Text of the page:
Why is the municipal market selling at such a premium?  I have been asked this question several times in the last few weeks — not by career municipal analysts at mutual funds or rating agencies, but sophisticated investors who are trying to make sense of the asset class.  The counterpoint is coming from writers forecasting the collapse of municipal bonds.  How do we reconcile this disconnect?  For one, the supply/demand dynamics have changed significantly since a year ago.  Aside from fear of tax increases propelling more buyers into the tax exempt shelter, there is another factor: BABs.  The Build America Bond program has grown to $97 billion, as of the end of April, according to Treasury’s May 12 release — or 20% of the municipal market since the program’s inception in April 2009.  (BABs are taxable municipal bonds; the borrower receives a 35% reimbursement from the federal government – on the theory that this creates a neutral rate compared with tax exempt bonds.)  But this 20% understates the recent trend.   A closer look shows that BABs issuance in recent months hovered around 25% of the new issue market.  All taxable municipal bonds issued in 2010 through April amounted to a whopping 33% of the market according to the Bond Buyer market statistics.  These changes have expanded the buyer base for municipals to those wanting long term public sector debt, but not affected by the US tax code, such as foreign buyers, pension funds and certain corporate investors — limiting supply of paper for the traditional  tax exempt investor.  This is not to mention that most BABs are structured at the long end of the curve, squeezing tax exempts into the shorter end — since most issuers will structure both into a single offering.  (Except of course for Illinois, which prohibits a mixed structure –hunh?)   The pattern is likely to continue in the foreseeable future as Congress extends the taxable BAB structure, although market dynamics may shift modestly when the subsidy is reduced to a more logical 28%.

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So how’s the economy?  The recent Bureau of Labor Statistics jobs report was encouraging.  We created 290,000 jobs last month.   Unemployment notched up to 9.9%, but this is to be expected at the early stages of recovery.  As signs of recovery emerge, more people enter the job market, and if that’s proportionately more than new job creation, the unemployment rate will go up.  (The unemployment rate expresses the ratio between the number of jobs and number of people counted as part of the labor market.  So if everyone stopped looking for work, unemployment would go down.)  In fact, 805,000 people entered the labor market last month far more than the number of jobs created.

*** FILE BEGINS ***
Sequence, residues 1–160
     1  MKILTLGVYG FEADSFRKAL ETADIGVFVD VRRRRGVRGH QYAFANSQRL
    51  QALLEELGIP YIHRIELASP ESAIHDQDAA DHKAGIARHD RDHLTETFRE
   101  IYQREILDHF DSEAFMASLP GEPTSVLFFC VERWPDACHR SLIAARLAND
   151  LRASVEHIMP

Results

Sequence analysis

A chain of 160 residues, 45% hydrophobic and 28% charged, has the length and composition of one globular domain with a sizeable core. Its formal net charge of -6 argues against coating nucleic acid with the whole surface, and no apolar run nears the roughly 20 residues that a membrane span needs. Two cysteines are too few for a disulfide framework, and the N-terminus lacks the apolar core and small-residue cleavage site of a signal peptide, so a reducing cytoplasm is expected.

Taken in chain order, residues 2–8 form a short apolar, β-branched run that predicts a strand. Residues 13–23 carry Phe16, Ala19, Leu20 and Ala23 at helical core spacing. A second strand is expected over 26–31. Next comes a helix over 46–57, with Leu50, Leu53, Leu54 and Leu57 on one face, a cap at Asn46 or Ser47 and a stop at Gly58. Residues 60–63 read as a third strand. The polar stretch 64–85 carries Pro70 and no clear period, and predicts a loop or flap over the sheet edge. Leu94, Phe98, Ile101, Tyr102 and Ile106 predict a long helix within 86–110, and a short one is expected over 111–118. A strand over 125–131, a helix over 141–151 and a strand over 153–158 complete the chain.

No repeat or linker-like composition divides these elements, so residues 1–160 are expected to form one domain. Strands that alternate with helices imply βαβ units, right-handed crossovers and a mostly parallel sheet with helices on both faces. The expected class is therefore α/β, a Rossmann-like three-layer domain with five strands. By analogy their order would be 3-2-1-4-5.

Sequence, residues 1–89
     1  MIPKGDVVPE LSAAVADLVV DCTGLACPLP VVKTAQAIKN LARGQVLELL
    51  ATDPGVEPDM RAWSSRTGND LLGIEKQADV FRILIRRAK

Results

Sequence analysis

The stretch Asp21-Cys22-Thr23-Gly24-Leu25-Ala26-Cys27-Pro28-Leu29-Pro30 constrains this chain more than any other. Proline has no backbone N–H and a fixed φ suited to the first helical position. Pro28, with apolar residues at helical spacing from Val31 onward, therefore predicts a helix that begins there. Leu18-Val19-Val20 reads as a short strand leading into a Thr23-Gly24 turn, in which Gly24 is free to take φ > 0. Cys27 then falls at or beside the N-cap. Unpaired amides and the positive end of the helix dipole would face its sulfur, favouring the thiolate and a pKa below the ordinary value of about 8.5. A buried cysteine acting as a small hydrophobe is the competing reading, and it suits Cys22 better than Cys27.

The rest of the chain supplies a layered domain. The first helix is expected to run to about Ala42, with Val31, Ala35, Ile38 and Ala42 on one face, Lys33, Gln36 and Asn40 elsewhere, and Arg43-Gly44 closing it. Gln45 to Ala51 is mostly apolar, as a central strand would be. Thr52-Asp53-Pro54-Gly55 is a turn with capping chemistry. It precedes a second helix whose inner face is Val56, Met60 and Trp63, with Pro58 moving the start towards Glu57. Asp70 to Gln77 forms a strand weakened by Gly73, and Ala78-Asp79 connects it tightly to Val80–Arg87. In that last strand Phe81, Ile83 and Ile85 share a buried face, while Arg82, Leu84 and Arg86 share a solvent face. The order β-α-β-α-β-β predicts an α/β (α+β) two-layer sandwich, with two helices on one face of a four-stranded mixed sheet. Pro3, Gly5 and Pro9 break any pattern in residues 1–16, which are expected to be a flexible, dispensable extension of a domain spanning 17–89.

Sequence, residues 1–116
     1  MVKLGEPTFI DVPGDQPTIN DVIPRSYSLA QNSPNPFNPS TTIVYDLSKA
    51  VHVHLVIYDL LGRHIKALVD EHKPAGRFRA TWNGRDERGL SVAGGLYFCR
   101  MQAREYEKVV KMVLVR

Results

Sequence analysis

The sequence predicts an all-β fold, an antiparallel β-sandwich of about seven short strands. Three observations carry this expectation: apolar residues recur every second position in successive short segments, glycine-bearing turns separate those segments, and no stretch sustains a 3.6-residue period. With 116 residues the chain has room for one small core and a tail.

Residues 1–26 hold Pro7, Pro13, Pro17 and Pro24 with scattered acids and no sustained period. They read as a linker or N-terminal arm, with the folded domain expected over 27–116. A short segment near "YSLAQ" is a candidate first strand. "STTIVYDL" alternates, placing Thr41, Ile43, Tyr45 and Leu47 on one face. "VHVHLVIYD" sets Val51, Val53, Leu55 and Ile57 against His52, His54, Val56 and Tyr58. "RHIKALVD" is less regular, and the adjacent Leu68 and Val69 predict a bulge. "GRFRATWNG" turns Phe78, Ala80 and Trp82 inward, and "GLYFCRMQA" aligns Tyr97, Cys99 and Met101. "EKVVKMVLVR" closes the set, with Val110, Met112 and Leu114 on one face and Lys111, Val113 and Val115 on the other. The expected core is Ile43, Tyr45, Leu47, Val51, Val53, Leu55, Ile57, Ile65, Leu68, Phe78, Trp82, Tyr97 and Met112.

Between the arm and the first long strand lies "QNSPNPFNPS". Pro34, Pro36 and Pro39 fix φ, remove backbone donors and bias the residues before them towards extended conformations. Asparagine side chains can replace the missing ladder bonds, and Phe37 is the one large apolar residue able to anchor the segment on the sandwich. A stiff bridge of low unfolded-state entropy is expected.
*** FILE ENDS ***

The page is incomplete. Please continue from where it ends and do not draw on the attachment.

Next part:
Not to be a downer, but many of the new jobs are temporary hires for the decennial Census count.  According to the BLS, the federal government employed 154,000 people for the census count as of April, an increase of 66,000 over the prior month.  This increase followed hiring of 48,000 in February.  Don’t get me wrong, these jobs will infuse spending into the economy, ease unemployment for many and get an important count accomplished.  But they are temporary jobs that will peel off around the same time that other federal stimulus programs wind down. 

Another factor slowing down the recovery is the lack of migration.  The housing mess is a contributing factor.  We noted in a previous post the first-time reversal of migration patterns since those statistics were collected.  We have always been a nation of restless movers – opportunity seekers since the founding of the U.S.     In large part this has contributed to the active municipal bond market for infrastructure growth and development.  As jobs moved from north to south, east to west, city to suburb, people and development followed.   In the current economy, this trend has reversed in many places. 

William Frey, the noted demographer, stated in a recent report for the Brookings Institution:

The detailed 2010 census results won’t be available for another year. But this week (back in March, ed.) the Census Bureau unveiled its latest population estimates for metropolitan areas and counties for the year ending last July. What they show is a country that is demographically standing still.

Last week, the Census bureau reported an uptick in the migration rate in 2009, from 11.9% to 12.5%.  But the majority of movers went from one county to another within the same state while job moves are typically inter-state.  Further, renters moved at five times the rate of homeowners.   Homeowners, already battered by the housing downturn are finding it difficult to move to better jobs (or jobs at all) when they cannot sell their homes.

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